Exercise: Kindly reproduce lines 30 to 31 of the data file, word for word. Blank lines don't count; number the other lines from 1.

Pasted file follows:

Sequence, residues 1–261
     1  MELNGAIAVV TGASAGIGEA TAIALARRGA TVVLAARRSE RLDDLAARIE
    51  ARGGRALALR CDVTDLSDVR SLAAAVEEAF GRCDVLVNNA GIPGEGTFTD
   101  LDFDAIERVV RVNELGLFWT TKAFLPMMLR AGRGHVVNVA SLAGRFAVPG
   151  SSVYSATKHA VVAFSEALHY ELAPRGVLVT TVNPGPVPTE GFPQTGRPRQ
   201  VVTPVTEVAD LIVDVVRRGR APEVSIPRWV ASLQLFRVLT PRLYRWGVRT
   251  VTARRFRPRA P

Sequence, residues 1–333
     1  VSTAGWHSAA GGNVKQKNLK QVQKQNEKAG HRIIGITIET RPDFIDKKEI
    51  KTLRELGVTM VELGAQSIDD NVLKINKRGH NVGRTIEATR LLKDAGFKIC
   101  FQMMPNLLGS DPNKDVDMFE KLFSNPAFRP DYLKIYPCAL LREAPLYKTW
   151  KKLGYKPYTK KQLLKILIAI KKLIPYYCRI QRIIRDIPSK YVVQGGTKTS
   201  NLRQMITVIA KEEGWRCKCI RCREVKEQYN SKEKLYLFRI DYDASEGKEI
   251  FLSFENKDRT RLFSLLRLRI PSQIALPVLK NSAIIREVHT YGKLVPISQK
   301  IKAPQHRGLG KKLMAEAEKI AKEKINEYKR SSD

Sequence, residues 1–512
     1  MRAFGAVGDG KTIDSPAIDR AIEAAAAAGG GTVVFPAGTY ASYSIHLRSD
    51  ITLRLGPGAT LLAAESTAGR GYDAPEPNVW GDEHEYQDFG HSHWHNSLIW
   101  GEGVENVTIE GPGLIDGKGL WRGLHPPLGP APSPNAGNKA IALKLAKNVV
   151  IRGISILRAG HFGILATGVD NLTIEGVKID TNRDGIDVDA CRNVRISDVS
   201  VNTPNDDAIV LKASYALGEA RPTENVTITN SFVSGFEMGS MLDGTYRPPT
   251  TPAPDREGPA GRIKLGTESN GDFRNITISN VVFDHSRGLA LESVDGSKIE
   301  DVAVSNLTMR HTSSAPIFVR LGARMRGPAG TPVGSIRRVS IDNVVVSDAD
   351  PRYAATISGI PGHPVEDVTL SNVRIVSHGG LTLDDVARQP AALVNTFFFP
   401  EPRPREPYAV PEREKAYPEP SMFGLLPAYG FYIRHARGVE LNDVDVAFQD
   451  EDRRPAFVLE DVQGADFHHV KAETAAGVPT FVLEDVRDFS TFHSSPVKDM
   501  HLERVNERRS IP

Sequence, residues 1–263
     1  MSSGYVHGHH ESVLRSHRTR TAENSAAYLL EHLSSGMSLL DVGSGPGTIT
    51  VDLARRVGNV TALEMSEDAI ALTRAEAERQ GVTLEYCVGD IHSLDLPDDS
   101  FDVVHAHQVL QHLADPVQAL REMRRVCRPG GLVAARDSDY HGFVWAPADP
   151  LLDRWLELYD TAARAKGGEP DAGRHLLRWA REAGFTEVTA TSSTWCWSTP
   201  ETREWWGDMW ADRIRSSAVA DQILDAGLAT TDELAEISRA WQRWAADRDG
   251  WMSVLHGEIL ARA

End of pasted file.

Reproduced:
    51  VDLARRVGNV TALEMSEDAI ALTRAEAERQ GVTLEYCVGD IHSLDLPDDS
   101  FDVVHAHQVL QHLADPVQAL REMRRVCRPG GLVAARDSDY HGFVWAPADP